Migrants Rights Network is the secretariat to the All-Party Parliamentary Group on Migration (APPG on Migration), which supports cross-party parliamentarians with their work in both the House of Commons and House of Lords. Previously the APPG launched an inquiry into the impact of the closure of the family migration route and is now looking into the closure of the post-study work route (PSWR).
The APPG has been running an inquiry looking into the closure of the post-study work route, the visa route that used to allow international students to work for up to two years after their studies, which the Coalition Government closed in 2012. Conservative Home Secretary Theresa May at the time said the route was being abused by “foreign graduates staying on in the UK to work in unskilled jobs”.  May also added that at a time of high unemployed rates amongst domestic students, allowing non-EEA students open access to the UK’s labour market would be inappropriate.
Don Flynn Sep 8, 2014 Comments: 10
At the end of August The Guardian asked about acceptable alternatives to the term 'illegal migrant' for the use of which they were heavily criticised by a number of groups, including MRN. In a letter to the editor sent last week, we set out reasons why they should drop the term.
Last month the readers' editor of the Guardian Chris Elliot published a response  in which he conceded many of the points made in the complaint sent by a number of groups, but suggested that alternatives to the term would possibly be perceived as being clumsy and inelegant. He invited readers to assist with their suggestions on the best form of language. Artwork: Faviana Rodriguez
Don Flynn Sep 1, 2014 Comments: 35
The by-election in the Essex seaside town might set the tone for campaigning on the issue of immigration during the 2015 General Election. Some basic facts here to begin the discussion as to why a town with few immigrants should be so concerned about immigration....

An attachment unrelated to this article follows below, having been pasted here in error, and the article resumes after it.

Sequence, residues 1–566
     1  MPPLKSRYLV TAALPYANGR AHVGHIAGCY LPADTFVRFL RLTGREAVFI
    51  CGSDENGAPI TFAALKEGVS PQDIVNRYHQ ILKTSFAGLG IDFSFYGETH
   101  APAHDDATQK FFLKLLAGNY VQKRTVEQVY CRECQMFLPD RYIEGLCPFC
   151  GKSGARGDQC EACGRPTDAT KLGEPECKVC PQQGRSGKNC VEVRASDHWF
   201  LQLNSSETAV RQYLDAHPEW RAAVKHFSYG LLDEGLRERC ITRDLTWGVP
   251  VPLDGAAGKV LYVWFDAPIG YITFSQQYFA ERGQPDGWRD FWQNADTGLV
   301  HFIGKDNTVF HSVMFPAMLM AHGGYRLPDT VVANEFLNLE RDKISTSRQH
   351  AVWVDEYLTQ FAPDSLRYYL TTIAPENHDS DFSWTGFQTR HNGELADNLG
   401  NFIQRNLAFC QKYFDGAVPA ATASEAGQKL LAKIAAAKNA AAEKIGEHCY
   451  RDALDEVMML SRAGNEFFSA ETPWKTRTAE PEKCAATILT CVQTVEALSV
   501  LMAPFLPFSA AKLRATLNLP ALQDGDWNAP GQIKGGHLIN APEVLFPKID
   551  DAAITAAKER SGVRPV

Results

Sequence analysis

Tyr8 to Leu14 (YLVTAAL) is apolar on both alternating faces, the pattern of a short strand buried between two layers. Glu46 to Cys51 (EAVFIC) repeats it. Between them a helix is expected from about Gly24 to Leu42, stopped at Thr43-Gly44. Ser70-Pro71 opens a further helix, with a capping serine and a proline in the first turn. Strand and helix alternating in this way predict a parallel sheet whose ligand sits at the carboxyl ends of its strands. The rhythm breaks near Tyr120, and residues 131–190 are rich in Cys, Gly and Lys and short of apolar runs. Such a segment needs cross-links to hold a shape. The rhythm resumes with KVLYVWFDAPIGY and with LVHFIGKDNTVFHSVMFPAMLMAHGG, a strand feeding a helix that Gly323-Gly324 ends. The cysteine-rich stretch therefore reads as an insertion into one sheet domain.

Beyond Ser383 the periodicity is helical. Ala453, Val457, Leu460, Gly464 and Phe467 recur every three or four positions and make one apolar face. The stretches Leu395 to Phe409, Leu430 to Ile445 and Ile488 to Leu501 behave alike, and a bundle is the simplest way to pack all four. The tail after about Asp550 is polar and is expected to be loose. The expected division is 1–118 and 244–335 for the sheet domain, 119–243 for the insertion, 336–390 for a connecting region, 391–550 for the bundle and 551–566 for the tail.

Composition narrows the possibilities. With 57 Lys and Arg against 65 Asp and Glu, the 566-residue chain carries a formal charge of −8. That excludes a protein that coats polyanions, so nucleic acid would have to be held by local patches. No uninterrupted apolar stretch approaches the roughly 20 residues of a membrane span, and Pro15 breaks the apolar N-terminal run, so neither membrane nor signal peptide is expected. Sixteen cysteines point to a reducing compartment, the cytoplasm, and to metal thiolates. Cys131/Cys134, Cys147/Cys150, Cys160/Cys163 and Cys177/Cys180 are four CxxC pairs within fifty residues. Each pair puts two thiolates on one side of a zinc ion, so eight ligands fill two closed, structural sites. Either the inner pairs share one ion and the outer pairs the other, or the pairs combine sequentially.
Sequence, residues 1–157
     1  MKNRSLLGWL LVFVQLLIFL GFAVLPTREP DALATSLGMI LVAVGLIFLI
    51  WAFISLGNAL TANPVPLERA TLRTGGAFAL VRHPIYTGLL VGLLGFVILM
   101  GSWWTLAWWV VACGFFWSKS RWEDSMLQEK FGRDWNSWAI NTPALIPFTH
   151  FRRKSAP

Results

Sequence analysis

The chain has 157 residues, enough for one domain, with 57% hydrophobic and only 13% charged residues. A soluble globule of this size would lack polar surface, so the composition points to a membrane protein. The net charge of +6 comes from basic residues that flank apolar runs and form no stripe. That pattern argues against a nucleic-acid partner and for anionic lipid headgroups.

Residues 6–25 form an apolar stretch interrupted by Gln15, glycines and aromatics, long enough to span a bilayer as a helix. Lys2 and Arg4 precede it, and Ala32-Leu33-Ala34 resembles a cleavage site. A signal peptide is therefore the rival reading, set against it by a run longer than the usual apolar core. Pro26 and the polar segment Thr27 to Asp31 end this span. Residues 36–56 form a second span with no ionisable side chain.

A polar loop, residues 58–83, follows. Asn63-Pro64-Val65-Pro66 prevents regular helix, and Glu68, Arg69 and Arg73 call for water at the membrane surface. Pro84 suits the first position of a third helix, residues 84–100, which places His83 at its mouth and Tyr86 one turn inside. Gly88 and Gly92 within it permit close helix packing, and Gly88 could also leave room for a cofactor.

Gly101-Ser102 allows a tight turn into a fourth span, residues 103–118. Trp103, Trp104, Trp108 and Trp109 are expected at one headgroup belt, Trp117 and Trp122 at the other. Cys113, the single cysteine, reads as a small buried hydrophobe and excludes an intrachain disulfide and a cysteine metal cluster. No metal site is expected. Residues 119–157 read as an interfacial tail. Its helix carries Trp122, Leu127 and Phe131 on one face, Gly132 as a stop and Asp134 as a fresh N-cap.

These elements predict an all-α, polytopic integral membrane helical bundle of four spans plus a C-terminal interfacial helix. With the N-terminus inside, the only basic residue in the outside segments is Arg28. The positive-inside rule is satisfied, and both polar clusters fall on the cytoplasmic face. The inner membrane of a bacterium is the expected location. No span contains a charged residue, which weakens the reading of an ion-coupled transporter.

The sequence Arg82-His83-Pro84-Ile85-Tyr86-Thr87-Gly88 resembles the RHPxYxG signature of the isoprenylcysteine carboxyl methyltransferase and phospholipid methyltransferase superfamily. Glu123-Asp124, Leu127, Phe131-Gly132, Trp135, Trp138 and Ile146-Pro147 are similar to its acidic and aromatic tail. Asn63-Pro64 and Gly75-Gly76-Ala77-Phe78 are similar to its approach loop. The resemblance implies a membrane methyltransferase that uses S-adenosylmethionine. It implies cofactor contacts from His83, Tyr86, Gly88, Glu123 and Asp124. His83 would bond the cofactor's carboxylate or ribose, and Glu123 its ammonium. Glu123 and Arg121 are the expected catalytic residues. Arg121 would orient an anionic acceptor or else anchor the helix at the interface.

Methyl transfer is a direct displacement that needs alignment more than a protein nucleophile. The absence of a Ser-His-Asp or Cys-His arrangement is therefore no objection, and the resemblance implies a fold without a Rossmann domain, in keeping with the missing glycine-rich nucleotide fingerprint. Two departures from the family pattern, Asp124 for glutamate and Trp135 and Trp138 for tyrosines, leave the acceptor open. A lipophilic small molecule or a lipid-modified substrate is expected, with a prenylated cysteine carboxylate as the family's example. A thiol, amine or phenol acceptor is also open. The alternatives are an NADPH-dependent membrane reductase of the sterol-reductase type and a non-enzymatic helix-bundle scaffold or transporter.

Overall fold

The looming by-election at Clacton-on-Sea is likely to prove memorable for a number of reasons. The first is that it is overwhelmingly likely to provide us with the first UKIP candidate elected as a Member of Parliament. 
Awale Olad Sep 1, 2014
The All-Party Parliamentary Group on Migration will be holding fringe meetings at the party conferences this year with some high profile speakers including Shadow Home Secretary Yvette Cooper MP.
The APPG on Migration has teamed up with the Institute for Public Policy Research (ippr) at the Labour Party Conference with Yvette Cooper MP, the Shadow Home Secretary, as a keynote speaker at a fringe meeting discussing how Labour can deliver progressive immigration policy fit for modern Britain. With MRN’s Don Flynn, the APPG on Migration’s Paul Blomfield, ippr’s Tim Finch, and Ernst & Young’s Margaret Burton, this meeting will certainly be a fiery encounter between the UK’s leading voices on immigration, social, and business policy.
Ruth Grove-White Aug 28, 2014 Comments: 1
Today has brought bad news for the government’s net migration target, but the increase in immigration levels in the year to March 2014 is far from cause for despair.
Today’s quarterly immigration statistics would have been bad enough on their own. Rather than falling steadily towards the level of the tens of thousands promised by the government, the latest dispatch from the Office of National Statistics shows that net migration rose to 243,000 during the year to March 2014.This was a 39% increase from 175,000 in the previous 12 months and means that it now looks all but impossible for the government to meet its net migration target before the May 2015 general election.